Hi Scott, I have a great deal of respect for anyone who puts in the hours of hard work to learn a skill, however it doesn't stop me finding humour in it. It's a standing joke of mine that anyone who has the time and patience to learn stuff like origami etc. or anything that takes a lot of hard work, time and patience either hasn't got a telly, there is no snooker or pool hall near them and their dad didn't have a secret stash of girly books hidden in the house. All these divert most of us when we're young from the more educational activities. I had a telly, and found my dad's mags at 13 so there went my teenage years. :)
Message: Posted by: p.b.jones (May 23, 2003 02:30AM)
I thought Troublewit would come into this thread. I have seen several presentations of Troublewit and I must say I found it completely boring... :thumbsdown: By all means try the string things but I think that it will not be a great hit.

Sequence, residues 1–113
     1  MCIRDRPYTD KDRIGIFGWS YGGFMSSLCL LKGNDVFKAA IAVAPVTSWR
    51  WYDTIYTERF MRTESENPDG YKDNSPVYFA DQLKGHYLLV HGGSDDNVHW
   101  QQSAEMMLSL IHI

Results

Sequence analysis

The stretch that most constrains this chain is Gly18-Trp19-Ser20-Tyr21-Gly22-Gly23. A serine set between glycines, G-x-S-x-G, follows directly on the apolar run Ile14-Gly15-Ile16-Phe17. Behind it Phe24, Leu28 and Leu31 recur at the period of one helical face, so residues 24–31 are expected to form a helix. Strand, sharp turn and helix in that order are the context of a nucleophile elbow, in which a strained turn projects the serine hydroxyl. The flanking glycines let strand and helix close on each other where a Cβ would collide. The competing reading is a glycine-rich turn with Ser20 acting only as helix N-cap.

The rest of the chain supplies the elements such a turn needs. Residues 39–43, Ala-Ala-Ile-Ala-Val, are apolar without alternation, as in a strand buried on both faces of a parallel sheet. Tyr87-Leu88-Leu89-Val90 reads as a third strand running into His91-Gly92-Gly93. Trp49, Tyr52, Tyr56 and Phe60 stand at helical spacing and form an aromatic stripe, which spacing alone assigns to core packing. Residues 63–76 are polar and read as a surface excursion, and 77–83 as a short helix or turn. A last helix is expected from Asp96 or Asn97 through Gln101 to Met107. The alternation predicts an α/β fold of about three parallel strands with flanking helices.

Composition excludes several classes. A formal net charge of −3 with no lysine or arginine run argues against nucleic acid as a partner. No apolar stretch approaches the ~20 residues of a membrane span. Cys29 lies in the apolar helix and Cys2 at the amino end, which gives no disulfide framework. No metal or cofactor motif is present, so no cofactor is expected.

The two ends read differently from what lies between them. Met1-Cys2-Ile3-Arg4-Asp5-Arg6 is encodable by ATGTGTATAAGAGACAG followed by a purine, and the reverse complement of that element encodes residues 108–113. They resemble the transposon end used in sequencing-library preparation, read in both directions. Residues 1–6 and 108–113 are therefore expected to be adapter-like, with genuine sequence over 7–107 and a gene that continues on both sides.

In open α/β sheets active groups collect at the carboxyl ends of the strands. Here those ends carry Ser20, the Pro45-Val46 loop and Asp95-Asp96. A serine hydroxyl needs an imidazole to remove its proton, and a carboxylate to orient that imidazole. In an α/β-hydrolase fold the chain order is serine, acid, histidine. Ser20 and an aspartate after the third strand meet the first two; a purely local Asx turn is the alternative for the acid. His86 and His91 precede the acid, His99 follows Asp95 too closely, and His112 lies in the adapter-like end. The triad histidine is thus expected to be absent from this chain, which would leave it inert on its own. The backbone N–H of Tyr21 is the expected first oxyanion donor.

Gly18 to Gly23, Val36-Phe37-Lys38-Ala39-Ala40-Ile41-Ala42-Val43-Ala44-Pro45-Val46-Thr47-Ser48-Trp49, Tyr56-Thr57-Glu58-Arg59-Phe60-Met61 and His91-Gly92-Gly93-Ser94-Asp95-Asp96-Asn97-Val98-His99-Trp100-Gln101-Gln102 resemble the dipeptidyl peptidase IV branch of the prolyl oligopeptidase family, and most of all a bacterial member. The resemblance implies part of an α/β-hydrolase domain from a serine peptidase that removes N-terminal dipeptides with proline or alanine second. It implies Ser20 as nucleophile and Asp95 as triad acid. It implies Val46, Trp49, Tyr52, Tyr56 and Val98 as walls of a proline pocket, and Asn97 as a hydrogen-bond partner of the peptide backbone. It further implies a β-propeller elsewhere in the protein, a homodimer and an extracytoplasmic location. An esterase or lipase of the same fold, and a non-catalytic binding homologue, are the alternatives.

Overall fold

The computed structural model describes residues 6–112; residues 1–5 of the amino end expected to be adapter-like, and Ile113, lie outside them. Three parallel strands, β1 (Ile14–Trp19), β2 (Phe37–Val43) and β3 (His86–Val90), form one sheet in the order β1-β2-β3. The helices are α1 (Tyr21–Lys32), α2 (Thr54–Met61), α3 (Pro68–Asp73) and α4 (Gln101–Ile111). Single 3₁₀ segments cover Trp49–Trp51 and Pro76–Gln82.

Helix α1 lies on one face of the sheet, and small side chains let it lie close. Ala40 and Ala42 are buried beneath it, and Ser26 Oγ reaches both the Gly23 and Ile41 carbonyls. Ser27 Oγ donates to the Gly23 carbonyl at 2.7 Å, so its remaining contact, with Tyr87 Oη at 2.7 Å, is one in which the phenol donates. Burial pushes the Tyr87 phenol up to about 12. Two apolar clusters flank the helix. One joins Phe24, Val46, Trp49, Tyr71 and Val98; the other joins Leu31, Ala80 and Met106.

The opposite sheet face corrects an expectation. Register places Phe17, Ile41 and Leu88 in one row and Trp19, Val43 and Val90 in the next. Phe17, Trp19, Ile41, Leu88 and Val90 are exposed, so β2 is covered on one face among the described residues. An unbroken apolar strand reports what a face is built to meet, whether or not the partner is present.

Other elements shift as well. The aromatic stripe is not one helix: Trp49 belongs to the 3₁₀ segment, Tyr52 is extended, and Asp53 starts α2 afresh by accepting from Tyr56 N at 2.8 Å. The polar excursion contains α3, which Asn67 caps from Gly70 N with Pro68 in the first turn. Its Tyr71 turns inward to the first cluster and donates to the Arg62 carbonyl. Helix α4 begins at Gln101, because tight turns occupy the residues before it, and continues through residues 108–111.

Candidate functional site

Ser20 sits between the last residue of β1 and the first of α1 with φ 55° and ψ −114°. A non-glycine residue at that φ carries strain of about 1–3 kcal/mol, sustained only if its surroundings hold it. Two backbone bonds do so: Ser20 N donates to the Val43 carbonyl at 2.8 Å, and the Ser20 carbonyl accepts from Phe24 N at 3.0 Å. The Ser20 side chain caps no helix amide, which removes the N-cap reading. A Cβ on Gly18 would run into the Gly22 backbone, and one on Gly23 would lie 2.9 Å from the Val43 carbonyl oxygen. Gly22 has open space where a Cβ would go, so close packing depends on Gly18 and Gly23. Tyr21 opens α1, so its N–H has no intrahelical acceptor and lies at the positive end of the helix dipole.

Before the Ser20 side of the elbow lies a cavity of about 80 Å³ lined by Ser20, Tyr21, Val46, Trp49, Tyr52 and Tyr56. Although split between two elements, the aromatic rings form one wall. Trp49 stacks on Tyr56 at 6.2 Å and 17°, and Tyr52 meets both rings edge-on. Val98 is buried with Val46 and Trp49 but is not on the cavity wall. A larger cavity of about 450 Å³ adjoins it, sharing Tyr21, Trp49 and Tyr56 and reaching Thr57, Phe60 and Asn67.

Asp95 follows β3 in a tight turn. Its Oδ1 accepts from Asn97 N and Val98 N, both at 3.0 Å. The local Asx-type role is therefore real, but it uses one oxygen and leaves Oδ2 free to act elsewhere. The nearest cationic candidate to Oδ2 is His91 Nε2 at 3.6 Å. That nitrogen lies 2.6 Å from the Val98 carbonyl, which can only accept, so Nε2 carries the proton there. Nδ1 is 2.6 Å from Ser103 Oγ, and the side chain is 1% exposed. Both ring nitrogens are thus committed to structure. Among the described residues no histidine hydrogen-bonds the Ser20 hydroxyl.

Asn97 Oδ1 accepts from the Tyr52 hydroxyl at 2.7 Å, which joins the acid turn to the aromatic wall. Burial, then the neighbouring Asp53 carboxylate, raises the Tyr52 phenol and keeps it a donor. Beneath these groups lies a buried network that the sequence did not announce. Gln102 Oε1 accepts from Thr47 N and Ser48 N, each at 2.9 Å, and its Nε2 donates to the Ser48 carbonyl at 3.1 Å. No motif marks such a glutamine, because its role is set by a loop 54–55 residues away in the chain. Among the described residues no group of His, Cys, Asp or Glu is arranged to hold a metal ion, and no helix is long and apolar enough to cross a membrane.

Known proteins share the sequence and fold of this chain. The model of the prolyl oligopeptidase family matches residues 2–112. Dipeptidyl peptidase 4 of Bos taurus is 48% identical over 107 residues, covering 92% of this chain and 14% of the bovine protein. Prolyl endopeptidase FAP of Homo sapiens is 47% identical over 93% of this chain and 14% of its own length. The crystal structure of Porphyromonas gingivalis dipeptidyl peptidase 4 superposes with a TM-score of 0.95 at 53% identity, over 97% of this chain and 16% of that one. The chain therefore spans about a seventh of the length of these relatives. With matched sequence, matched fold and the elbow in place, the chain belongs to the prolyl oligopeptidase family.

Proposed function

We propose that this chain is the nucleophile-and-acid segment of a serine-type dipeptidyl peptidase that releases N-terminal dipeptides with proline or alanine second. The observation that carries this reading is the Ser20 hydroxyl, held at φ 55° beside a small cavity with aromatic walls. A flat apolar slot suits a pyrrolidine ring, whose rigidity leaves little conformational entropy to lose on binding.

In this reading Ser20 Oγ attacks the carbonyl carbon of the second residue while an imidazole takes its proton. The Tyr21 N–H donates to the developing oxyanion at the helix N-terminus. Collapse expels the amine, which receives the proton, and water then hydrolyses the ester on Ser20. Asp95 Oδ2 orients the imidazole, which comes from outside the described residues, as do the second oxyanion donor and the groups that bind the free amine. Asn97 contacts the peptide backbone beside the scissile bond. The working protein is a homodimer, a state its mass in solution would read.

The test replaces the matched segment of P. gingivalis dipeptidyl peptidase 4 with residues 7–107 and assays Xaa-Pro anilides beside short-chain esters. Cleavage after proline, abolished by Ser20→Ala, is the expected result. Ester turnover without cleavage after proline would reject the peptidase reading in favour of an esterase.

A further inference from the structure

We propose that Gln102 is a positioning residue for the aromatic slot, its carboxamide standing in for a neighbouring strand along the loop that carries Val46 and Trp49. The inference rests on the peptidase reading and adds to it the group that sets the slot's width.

The only thing I have seen that fits the bill for entertainment of this nature is a Chapau made by Wallis Wonders of the UK and I think they're no longer in business. This was not the old round bit of felt with a whole in it but a cloth covered disk of foam covered in flashy material. It also had a little peak attached to it. The best way I found to use it was as a running gag, changing the hat after each effect.
Phillip :thumbsup:
Message: Posted by: Cheshire Cat (May 23, 2003 03:12AM)
Thanks Andy for reminding me of the title 'Troublewit'. This is going back into the mid/late 70s when I used to play piano for entertainers. In view of the fact we seem to be putting on our 'serious faces' here Scott, (humor being spelled 'humour' here in the birthplace of the English language by the way), I must say that I personally, and I think most children and parents in my location, would find this absolutely boring drivel in any sustained form and yet another attempt at filling in time at parties with as little substance and as few props as possible. I understand you DO NOT propose this, and appreciate the theme of your posting.